RIGA - The board of the Latvian Green Party at a meeting on July 5 officially nominated Ventspils Mayor Aivars Lembergs as their choice for the next prime minister, reports news agency LETA. Lembergs told reporters afterwards that he has not made a decision yet on whether he will run in the October Saeima elections. “My character may not exactly be suited for parliament work, but more for dynamic state administration,” he proclaimed.
Greens/Farmers Union Chairman Raimonds Vejonis was asked why he was not selected as premier. He replied that his turn would come some day. “But in the current situation, we need a person with great experience and strong vision,” he added.
Asked what he would do as prime minister, Lembergs said that first he would take a look at the “confidential agreements with the international lenders.”
This has been a typical reply by Lembergs, the other so-called oligarchs and leading politicians in Latvia, though none have actually said what they would do next, after “reviewing the confidential agreements.” Considering the sad state of government coffers, Latvia has little option except to work with the IMF and EU on the 7.5 billion euro bailout package to support its ailing economy. Otherwise, the government would have to make much more severe spending cuts, and tax increases, than it already has to balance the budget.
Public debt markets are all but closed to Latvia. The budget is in large deficit and investors are unwilling to risk their money by buying Latvian government bonds.
Mayor Lembergs exhibits either a lack of understanding of how government finance works, or an unwillingness to speak honestly to the Latvian public about his budget plans and how he expects to rectify Latvia’s finances.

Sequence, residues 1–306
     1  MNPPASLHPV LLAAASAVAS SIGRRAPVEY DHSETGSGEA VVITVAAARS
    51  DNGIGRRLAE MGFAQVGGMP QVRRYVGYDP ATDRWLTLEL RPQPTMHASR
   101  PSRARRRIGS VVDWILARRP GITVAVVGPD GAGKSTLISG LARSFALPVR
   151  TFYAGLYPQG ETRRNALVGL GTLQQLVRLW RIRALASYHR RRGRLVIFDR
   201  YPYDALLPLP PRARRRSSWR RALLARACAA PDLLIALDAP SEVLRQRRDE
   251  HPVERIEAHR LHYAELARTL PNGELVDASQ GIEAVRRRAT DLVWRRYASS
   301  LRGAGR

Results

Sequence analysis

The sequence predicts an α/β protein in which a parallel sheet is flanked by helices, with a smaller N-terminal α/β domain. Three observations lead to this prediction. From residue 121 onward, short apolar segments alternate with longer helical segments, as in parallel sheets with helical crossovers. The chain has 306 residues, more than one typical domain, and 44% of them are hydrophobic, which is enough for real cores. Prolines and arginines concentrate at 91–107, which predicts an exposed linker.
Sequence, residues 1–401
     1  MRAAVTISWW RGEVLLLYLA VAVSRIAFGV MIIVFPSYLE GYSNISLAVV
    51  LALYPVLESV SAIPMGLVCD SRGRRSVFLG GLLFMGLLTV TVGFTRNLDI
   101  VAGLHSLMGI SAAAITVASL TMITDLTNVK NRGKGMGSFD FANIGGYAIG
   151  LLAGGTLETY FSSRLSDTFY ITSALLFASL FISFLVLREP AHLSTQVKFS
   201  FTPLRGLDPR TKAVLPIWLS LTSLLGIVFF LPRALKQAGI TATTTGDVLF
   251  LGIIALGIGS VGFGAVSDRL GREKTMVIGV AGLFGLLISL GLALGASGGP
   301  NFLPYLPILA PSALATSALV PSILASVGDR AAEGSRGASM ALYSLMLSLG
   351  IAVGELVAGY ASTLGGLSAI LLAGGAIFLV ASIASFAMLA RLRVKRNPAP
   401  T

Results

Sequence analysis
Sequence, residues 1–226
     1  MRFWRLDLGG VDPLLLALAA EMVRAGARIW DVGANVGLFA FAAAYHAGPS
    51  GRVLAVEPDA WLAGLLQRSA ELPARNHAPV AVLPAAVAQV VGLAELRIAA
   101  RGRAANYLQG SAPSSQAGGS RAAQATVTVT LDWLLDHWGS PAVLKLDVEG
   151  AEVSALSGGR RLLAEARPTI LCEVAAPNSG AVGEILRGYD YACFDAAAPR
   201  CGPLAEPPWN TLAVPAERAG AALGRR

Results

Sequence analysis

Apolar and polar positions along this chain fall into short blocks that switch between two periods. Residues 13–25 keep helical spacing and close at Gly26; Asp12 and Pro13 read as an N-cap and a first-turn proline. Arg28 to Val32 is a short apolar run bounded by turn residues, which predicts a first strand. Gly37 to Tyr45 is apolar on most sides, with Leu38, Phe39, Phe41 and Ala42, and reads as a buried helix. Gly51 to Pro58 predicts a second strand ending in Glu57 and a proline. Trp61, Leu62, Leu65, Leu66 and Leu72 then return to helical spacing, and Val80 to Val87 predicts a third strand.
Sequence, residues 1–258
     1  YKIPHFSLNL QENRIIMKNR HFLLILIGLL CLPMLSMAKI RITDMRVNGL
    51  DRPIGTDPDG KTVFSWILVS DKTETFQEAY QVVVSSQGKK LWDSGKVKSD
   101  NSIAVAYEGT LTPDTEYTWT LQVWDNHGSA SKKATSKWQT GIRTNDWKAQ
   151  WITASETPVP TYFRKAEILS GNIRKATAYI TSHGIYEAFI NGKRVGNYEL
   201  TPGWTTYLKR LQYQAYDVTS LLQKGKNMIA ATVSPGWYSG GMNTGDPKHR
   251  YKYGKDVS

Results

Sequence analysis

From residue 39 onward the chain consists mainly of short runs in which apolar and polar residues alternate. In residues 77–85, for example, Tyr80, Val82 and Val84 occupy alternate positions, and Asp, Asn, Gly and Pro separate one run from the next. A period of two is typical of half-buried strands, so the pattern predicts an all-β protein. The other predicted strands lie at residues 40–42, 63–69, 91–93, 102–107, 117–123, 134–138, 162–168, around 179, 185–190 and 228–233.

Nonetheless, the Green Party’s political partner, the Latvian Farmers’ Union, has already nominated Lembergs as their choice for prime minister.
Augusts Brigmanis, the head of the Greens and Farmers Union Saeima group, said in June that he sees 20 parliament seats after the October elections without Lembergs on the ticket, but if Lembergs joins the ticket, they will control 30 seats. “It would be odd with these 30 seats to be in opposition ranks, but the winner is not always the one with the most votes,” he said.
Topping the Greens and Farmers Union ticket in all regions will be “new faces on the political scene, with European education and modern thinking.” The following party veterans will be the “locomotives” - General Juris Vectirans, MP Ingmars Lidaka in Vidzeme, MP Viktors Scerbatihs in Latgale.
According to a Latvijas fakti poll conducted last month, Harmony Center was on top of the political party ratings with 18.5 percent support. Unity was in second with 16.2 percent, and in third place was the Greens/Farmers Union, showing a strong jump from 9.5 percent in May, to 11.3 percent in June. Latvijas fakti Director Aigars Freimanis connects the Greens/Farmers’ climb to a “certain phenomenon; that is, in a crisis situation they stand to gain because they behave like a conservative force. It has always been a party in the background, setting no agendas, an ideal partner to one and all.” The “Aivars Lembergs-factor” is the other key to success for the Greens/Farmers, Freimanis suggests.
Included for the first time in the poll are the new political unions For A Good Latvia (People’s Party and Latvia’s First Party/Latvia’s Way coalition) and the National Association (All For Latvia and For Fatherland and Freedom/LNNK). Support for the latter was at 4.4 percent, for the former, 5.3 percent.
Fighting for survival, in Freimanis’ view, is For Human Rights In A United Latvia, struggling with 2.7 percent.